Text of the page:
15 Dangerous Drugs Big Pharma Shoves Down Our Throats
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In the pharmaceutical industry’s rush to get drugs to market, safety usually comes last. Long studies to truly assess a drug's risks just delay profits after all -- and if problems do emerge after medication hits the market, settlements are usually less than profits. Remember, Vioxx still made money.
The following drugs are so plagued with safety problems, it is a wonder they’re on the market at all. It's a testament to Big Pharma's greed and our poor regulatory processes that they are.
-- Lipitor and Crestor
Why is Lipitor the bestselling drug in the world? Because every adult with high LDL or fear of high LDL is on it. (And also 2.8 million children, says Consumer Reports.) No one is going to say statins don't prevent heart attack in high-risk patients (though diet and exercise have worked in high-risk groups too). But doctors will say statins are so over-prescribed that more patients get their side effects -- weakness, dizziness, pain and arthritis -- than heart attack prevention. Worse, they think it's old age!
"My older patients literally do without food so that they can buy these medicines that make them sicker, feel bad, and do nothing to improve life," says an ophthalmologist web poster from Tennessee. "There is no scientific basis for treating older folks with $300+/month meds that have serious side-effects and largely unknown multiple drug interactions." What kinds of side effects? All statins can cause muscle breakdown (called rhabdomyolysis) but combining them with antibiotics, protease inhibitors drugs and anti-fungals increases your risks. In fact, Crestor is so highly linked to rhabdomyolysis it is double dissed: Public Citizen calls it a Do Not Use and the FDA's David Graham named it one of the five most dangerous drugs before Congress.
-- Yaz and Yasmin
It sounded too good to be true and it was. Birth control pills that also cleared up acne, treated severe PMS (Premenstrual Dysphoric Disorder or PMDD) and avoided the water retention of traditional birth control pills.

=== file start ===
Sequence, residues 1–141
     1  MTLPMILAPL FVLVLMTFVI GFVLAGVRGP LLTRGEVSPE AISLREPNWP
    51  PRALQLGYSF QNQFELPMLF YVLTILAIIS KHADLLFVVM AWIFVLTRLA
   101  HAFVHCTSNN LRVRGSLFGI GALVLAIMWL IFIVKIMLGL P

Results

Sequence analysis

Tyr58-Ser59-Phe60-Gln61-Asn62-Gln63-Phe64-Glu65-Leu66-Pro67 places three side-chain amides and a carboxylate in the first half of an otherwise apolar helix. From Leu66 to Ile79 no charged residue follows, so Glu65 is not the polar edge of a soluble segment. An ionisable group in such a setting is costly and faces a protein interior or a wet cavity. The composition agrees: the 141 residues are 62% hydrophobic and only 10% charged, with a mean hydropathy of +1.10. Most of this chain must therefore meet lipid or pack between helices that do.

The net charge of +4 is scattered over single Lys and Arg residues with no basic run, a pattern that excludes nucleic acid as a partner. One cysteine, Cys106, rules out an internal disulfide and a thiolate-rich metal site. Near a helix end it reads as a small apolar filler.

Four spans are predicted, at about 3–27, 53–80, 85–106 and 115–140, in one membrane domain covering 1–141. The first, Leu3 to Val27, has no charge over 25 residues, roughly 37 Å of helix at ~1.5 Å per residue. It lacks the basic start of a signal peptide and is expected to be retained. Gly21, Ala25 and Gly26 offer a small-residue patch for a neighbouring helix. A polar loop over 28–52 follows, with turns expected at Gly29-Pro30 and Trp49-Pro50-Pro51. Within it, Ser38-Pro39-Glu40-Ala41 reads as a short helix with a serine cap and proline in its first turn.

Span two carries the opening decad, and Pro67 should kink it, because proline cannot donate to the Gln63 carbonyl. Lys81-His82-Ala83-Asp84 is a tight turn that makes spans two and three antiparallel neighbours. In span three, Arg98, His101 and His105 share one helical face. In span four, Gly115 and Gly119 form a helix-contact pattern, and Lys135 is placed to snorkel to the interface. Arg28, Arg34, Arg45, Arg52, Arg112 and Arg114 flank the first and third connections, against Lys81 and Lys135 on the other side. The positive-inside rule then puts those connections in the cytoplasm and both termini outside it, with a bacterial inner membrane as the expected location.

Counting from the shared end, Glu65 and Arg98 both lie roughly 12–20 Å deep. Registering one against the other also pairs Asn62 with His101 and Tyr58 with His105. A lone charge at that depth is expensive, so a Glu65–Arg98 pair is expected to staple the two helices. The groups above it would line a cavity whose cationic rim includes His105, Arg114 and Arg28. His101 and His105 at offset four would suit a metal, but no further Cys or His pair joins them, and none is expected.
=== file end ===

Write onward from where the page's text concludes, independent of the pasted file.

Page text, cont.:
But soon after Bayer launched Yaz in 2006 as going "beyond birth control," 18-year-olds were coming down with blood clots, gall bladder disease, heart attacks and even strokes. Fifteen-year-old Katie Ketner had her gallbladder removed. Susan Gallenos had a stroke and part of her skull removed. College student Michelle Pfleger, 18, collapsed and died of a pulmonary thromboemboli from taking Yaz, says her mother Joan Cummins.
While TV ads for Yaz in 2008 were so misleading that FDA ordered Bayer to run correction ads, Yaz sales are still brisk. In fact, financial analysts attribute the third quarter slump in the Yaz "franchise" of 28.1 percent to the appearance of a Yaz generic, not to the thousands of women who have been harmed.
Why is Yaz sometimes deadly? It includes a drug that was never before marketed in the U.S. -- drospirenone -- and apparently causes elevated potassium, heart problems, and a change in acid balance of the blood. Who knew? But not only is Bayer still marketing it, women do not receive "test subject" compensation for using it either.
-- Lyrica, Topomax and Lamictal
Why would Americans take an epilepsy seizure drug for pain? The same reason they'll take an antipsychotic for the blues and an antidepressant for knee pain: good consumer marketing. In August FDA ordered a warning for aseptic meningitis, or brain inflammation, on Lamictal -- but it is still the darling of military and civilian doctors for unapproved pain and migraine. Lamictal also has the distinction of looting $51 million from Medicaid last year despite a generic existing.